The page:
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I went to Krakow in southeast Poland, which has a painful history and a youthful spirit. I volunteered for two weeks with a Norwegian-based non-governmental organization, A Drop in the Ocean, which distributes new and used clothing to Ukrainian refugees.
We worked 9 to 5, five days a week, from a massive space inside a bankrupt, soon-to-be-demolished shopping mall. Donations arrived each day at the loading dock, bag by bag, pallet by pallet, from individuals and clothing manufacturers from Europe and elsewhere.
We unpacked, sorted, sized, marked, boxed and hung thousands of items for the 500 to 600 people, mostly single mothers, who arrived three days a week. On the other two days, we worked our way through the mountains of donations and started all over again.
We all were there to help, but what spurred us varied. A few were inspired by faith. A young man who teaches high school history in Connecticut, and performs magic shows on the weekends, asked a priest why God wasn’t helping homeless people and the priest replied, “God is helping. He has sent you.” A young Mormon couple from Utah spent the summer volunteering in the mornings and working remotely at their IT jobs back home from 4 p.m. to midnight.
Some, like the former chief financial officer of a major art museum in New York City, have Ukrainian relatives. A Russian gemologist at Bloomingdales is married to a Ukrainian in New Jersey. “How could I not come?” she asked.
An Army veteran, now living in Germany and working for a forklift business based in the U.S., always wanted to work for an NGO but was not qualified. This partially addressed that dream. A retired FBI agent shared that curiosity about humanitarian relief work.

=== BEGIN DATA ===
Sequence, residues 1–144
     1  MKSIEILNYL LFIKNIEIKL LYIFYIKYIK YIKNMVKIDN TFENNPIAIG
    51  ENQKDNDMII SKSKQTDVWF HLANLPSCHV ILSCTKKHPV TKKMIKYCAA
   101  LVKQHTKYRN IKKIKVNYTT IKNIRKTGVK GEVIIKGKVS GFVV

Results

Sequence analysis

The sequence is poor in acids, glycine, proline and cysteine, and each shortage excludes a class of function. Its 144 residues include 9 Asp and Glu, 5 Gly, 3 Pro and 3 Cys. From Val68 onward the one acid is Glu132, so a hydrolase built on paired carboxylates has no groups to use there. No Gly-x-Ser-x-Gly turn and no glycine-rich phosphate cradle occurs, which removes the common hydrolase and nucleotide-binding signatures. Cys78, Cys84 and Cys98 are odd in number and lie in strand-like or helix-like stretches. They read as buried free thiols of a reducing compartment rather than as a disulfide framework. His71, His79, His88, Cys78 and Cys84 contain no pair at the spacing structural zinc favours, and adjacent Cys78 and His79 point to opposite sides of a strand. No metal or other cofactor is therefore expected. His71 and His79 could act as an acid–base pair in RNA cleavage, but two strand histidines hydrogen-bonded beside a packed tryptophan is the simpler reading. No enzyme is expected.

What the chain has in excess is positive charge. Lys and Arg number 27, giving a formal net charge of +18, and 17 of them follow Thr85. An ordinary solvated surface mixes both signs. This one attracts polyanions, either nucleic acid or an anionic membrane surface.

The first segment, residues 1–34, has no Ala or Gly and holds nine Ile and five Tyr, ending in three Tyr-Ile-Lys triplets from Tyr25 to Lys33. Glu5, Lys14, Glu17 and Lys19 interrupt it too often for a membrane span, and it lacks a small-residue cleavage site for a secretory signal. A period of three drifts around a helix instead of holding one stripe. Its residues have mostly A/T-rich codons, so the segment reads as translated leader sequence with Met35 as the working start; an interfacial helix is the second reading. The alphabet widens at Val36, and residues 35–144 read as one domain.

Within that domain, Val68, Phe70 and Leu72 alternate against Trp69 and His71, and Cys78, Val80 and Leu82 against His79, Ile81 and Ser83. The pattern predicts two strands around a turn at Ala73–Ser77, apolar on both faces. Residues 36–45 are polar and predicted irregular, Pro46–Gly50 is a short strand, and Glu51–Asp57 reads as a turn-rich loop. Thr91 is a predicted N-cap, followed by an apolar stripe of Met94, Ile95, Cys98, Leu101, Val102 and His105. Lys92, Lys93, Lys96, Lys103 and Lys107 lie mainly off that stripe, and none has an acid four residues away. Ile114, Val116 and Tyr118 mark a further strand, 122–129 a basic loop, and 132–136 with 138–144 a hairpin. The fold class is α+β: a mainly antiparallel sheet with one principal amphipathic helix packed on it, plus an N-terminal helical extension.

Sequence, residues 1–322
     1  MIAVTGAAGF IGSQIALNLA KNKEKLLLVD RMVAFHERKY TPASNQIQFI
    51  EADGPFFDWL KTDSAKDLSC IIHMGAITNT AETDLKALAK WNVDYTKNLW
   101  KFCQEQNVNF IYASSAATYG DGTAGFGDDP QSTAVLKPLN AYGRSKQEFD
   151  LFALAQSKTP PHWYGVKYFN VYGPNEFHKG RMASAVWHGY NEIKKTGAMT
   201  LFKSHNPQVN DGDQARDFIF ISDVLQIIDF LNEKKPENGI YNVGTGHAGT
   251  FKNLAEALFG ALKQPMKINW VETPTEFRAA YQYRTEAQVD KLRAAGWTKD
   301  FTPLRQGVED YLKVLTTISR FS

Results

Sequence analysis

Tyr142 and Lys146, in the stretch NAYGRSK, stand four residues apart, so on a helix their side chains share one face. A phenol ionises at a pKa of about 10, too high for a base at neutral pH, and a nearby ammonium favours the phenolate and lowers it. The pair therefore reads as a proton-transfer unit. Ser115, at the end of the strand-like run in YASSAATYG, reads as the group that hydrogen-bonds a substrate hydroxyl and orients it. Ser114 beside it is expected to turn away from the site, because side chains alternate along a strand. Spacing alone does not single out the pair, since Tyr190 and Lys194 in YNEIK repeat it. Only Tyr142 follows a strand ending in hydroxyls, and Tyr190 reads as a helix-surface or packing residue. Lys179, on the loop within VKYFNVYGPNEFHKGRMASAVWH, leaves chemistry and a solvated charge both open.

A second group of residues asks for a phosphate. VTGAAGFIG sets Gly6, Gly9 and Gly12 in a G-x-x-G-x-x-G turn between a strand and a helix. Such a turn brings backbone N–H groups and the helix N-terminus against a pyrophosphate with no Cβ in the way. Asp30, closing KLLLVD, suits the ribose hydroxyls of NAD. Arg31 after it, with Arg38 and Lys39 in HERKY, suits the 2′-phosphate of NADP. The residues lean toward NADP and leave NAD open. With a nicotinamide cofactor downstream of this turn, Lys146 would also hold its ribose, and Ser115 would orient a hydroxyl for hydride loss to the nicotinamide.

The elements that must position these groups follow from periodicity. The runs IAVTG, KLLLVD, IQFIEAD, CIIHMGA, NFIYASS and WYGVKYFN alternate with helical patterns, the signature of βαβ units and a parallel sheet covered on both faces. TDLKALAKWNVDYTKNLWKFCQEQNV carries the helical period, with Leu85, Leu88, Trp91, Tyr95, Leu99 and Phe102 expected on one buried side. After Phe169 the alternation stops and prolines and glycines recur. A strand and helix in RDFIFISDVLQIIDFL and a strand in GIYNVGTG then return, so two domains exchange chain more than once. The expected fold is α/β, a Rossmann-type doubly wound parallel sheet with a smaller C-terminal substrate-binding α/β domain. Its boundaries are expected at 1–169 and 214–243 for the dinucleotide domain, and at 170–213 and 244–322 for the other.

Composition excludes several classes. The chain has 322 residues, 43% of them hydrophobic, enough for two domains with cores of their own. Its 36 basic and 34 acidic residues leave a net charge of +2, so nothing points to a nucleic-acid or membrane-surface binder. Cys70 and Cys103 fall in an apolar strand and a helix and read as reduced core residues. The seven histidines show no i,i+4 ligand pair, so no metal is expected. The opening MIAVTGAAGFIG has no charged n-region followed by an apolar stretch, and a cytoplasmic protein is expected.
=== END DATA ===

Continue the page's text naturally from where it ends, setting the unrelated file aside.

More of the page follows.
The intellectual of the group worked in policy and politics in Washington, D.C., studies Russian at the Defense Language Institute in Monterey, California, and hopes to join the foreign service. A California woman with extensive management experience never wants to run anything ever again and sought out an international group that might offer her a regular way to channel her energy and generosity. Her traveling companion, a recently retired director of Medicaid for a California county, was, like me, tired of just sending checks.
The Ukrainians deserve the extensive help they are receiving, but I kept thinking about other people and places that I have seen — Honduras after a hurricane and India after cyclones, starving children in Ethiopia, rows of coffins in Malawi because of AIDS and blast walls in Kashmir and Baghdad.
Even if it was just a drop in the ocean, I was glad to do my part in Poland, but I will never say again that sending a check does not matter. Everyone in pain, no matter how far from loading docks and public consciousness, deserves our support.
Dykstra is a resident of Cold Spring and the author, most recently, of Echoes from Wuhan: The Past as Prologue.